Making better decisions
Great decisions come from great intuition combined with great advice. Intuition comes with experience, but everybody can get good advice from data. Governments and companies have understood this and use it wherever possible. However, data sharing has its risks to the well-being to the owners of data. Legislation and distrust or some of the barriers that prevent data sharing.
We are very excited to report on our biggest privacy technology breakthrough to date. Just take a look at the video below.
How to grow an IT workforce?
Every country needs skilled engineers who process data, automate factories and secure the digital world. One would think that if one needs more IT engineers, one has to fund their studies. However, this does not always turn out as planned.
The graph above shows the failure rate of IT students in the universities of Estonia (you might know Estonia as the once home of Skype, Transferwise and GrabCAD, or as a country with one of the worlds most efficient e-government systems). Surprisingly, by 2012, nearly 43% of IT students enrolled in the last five years had failed to graduate.
A hypothesis was raised that the booming IT industry is hiring too hungrily and causing students to fail at school. The Estonian Association of Information and Communication Technology (ITL) decided to investigate.
Big data vs Private data from a legal perspective
In Estonia, the Ministry of Education and Science keeps track of students and the Tax and Customs Board keeps track of working (by tracking income tax payments).
If data scientists could access these databases, they could find the correlation between working during studies and not graduating in time. Even though correlation does not mean causality, it paints a realistic picture of the world, if we are working on the whole population and not just a sample. For more discussion on this, see Chapter 4 in Big Data, an excellent book by Victor Mayer-Schönberger and Kenneth Cukier.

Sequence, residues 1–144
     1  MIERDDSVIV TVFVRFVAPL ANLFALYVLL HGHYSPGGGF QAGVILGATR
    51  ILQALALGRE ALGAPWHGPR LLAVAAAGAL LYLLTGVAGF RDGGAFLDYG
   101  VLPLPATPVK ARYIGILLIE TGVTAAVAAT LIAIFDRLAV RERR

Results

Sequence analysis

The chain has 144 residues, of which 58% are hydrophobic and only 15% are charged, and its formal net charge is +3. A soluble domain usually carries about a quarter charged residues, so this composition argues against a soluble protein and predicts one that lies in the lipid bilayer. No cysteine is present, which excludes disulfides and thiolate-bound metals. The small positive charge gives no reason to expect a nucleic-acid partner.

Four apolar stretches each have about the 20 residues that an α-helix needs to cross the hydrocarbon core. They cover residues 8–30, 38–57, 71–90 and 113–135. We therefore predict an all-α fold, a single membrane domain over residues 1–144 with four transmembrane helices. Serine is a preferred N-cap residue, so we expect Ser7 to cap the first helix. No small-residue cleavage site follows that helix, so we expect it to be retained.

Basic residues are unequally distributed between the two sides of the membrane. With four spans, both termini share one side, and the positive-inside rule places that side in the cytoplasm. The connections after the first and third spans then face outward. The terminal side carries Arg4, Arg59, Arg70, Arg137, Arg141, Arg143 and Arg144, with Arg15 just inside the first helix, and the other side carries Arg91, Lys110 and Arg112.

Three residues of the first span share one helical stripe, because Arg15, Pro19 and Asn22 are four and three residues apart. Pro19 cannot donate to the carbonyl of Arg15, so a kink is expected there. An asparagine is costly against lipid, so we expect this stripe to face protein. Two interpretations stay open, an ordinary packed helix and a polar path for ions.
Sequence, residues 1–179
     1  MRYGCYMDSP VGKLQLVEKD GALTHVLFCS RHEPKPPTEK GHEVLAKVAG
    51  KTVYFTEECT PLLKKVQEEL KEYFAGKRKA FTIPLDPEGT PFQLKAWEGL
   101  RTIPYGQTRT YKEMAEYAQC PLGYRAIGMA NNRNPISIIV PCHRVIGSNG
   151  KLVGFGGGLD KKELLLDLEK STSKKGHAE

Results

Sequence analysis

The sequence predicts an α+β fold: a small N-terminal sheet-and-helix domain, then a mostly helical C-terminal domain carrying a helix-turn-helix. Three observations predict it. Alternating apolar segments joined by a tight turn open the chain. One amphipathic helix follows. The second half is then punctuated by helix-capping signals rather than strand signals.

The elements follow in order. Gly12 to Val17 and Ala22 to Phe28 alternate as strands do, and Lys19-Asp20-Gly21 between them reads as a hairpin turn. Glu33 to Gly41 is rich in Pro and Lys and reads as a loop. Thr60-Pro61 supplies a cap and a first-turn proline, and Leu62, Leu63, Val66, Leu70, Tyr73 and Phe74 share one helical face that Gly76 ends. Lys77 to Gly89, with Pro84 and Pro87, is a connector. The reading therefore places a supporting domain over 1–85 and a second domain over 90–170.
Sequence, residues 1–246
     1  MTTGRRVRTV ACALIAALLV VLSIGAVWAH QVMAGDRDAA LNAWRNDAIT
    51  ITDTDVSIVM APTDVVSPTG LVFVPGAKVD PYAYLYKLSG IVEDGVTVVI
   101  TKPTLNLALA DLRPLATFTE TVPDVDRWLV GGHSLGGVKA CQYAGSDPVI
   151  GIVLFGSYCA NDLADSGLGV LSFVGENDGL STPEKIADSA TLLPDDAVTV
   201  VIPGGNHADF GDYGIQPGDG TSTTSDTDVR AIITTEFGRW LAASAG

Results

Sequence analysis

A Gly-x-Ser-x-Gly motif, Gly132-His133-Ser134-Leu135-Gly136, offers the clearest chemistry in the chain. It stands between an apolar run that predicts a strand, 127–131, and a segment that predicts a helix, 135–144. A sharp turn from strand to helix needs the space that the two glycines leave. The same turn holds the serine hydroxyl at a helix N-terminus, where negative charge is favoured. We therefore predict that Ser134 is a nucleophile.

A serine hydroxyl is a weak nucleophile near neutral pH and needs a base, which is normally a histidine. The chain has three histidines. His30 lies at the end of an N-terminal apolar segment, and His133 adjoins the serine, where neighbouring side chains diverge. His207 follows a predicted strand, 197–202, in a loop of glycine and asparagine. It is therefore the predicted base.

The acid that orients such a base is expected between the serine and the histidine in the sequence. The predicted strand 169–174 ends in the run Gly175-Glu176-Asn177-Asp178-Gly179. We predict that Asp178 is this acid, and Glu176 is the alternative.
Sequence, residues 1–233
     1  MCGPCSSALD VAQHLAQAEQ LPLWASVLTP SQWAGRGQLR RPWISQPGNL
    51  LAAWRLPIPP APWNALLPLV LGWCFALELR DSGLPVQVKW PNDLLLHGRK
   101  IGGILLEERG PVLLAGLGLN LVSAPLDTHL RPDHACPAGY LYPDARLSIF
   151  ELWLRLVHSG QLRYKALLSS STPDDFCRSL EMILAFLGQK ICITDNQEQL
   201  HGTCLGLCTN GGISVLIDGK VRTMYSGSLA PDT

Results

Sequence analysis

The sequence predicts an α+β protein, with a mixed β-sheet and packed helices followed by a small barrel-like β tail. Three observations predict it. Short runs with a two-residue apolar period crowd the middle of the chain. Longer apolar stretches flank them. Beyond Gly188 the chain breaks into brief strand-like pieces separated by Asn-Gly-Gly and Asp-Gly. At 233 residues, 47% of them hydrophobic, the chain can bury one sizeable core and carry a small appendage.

The government has a chance to make great decisions, because they have data. But the citizen has to feel the government really deals with all this data securely.
However, this data cannot be shared because of the Personal Data Protection Act and the Taxation Act (not to mention the relevant EU regulation). This prevents such studies from being performed. The only way for performing such studies today is by letting the tax board pre-aggregate and group the data, so that no record can be associated with an individual. In our control study we saw that this has some undesired consequences.
Because the tax board pre-aggregates data to achieve k-anonymity, all somewhat unique students are left out of the study. This means 54% of master’s students and a staggering 78% of doctoral students were not accounted for in the analysis. This severely reduces the utility of the study. The only way to solve this privacy-to-utility imbalance was to leave gender attributes out of the control study.
How Sharemind saved the day
We used the Sharemind Application Server with its analytics package Rmind to perform the study in a privacy-preserving way. The following figure shows how encrypted data flows from the tax board and the ministry to Sharemind. Sharemind then performs privacy-preserving transformations, linking and analysis and publishes the results to the analysts at Centar.
The privacy-preserving solution was checked by the Estonian Data Protection Inspectorate. Their response was that our solution does not process Personally Identifiable Information (PII) in the meaning of the law. Furthermore, the Tax and Customs Board reviewed Sharemind’s source code to ensure that everything is performed according to the study plan.
Our study showed relations between higher education and higher income, but we found no relation between working during studies and not graduating on time. Instead, it turned out that Estonian students of all fields work an equal amount. Also, our data showed clearly the reduction of employment during the financial crisis in 2008.
This allowed more personalised follow-up studies to be planned for finding the reasons why students quit.
The future of data integration
We showed that Sharemind can do statistics more accurately and privately than what was possible before. This can lead to new applications that organisations have dreamed of, but have been unable to create. What if different states could combine data to detect welfare or tax fraud? Or consulting companies could ask their data providers for more information to sell higher quality reports?
Sharemind will rise to these challenges.